The impact of agricultural chemicals on earthworm populations varies with the chemical. Inorganic nitrogen fertilizers promote greater plant production than in unfertilized fields and therefore higher earthworm populations. Although anhydrous ammonia will kill a few worms in the narrow band where injected, field effects are probably minimal due to the small area affected. There is little information on other nitrogen sources commonly used in the Midwest, but effects are probably small when used at typical field rates. Most herbicides used in crop production in the Midwest are harmless or only slightly toxic to worms and should not be a great concern. As discussed earlier, some corn rootworm insecticides are toxic to worms, but their effects can be reduced by keeping the application band as narrow as possible. In general, the organophosphate and pyrethroid insecticides are harmless to moderately toxic, while the carbamate insecticides and fungicides are highly toxic. Nematicides in general are also highly toxic.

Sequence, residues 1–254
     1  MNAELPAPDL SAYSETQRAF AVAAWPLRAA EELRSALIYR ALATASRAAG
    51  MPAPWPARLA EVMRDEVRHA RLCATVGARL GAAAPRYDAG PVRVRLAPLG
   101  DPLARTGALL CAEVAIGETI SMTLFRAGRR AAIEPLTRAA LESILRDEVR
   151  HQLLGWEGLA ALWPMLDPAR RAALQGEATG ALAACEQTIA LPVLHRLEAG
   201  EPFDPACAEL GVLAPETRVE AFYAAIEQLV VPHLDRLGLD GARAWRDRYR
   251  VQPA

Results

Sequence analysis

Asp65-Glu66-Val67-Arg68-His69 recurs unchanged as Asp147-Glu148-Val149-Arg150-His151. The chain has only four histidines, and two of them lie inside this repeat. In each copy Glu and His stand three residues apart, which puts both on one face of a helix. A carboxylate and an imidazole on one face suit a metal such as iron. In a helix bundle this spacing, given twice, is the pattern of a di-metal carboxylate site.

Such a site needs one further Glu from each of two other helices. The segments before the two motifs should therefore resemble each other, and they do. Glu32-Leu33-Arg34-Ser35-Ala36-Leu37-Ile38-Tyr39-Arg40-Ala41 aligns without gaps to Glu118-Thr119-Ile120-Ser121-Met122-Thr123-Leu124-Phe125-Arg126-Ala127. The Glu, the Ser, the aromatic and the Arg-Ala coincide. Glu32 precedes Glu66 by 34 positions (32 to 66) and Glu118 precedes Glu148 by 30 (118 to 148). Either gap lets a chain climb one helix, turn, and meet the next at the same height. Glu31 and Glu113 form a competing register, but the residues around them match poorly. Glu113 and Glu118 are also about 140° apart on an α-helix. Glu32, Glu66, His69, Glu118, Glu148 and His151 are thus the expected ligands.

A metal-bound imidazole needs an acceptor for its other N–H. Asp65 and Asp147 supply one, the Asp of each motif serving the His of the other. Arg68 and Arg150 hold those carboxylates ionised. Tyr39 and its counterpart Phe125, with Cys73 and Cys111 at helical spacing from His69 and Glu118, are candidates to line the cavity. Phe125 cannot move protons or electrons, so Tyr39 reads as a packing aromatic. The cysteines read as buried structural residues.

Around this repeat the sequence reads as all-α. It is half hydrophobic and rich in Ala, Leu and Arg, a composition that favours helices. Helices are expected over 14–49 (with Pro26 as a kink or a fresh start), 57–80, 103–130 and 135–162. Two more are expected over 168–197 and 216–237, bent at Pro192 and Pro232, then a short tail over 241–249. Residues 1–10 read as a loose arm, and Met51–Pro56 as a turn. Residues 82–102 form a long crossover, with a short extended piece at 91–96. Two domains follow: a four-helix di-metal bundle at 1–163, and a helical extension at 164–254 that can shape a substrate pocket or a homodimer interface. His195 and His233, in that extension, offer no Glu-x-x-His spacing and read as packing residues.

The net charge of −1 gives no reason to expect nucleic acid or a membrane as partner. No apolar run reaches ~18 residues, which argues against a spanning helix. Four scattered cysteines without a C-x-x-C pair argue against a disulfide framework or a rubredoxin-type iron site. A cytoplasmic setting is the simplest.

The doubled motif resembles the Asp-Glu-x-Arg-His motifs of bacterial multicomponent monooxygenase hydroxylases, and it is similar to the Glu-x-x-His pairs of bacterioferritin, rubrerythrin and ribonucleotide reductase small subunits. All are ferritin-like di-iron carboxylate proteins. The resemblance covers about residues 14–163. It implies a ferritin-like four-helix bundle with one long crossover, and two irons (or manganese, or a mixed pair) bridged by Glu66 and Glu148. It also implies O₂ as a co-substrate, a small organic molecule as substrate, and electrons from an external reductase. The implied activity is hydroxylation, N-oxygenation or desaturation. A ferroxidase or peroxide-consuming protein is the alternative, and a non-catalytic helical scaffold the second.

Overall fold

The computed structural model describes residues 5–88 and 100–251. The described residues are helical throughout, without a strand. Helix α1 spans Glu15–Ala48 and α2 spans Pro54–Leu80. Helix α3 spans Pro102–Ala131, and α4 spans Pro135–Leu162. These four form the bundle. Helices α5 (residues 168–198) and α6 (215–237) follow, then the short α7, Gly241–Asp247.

How to Encourage Earthworms

Earthworm populations can be increased by applying the concepts discussed earlier about food supply and surface mulch protection (Table 3). Leaving a surface mulch, by no-till or other conservation tillage systems with plenty of residue cover, will generally increase populations. Growing winter cover crops may augment the mulch protection as well as provide additional food for the worms. Adding or growing organic matter is a great way to build earthworm populations. Animal manures and sewage sludges, and rotations with hay or set-aside fields, are also possible ways to provide more food for the earthworms and help increase populations. Soil pH should be maintained between 6.0 and 7.0 for optimum conditions, although lower pHs are tolerated by most species. Although management can increase earthworm populations on many soils, some soils will not support high earthworm populations, regardless of management, due to inherent soil texture and drainage properties. Very coarse sands and perhaps high water table heavy clays are two examples.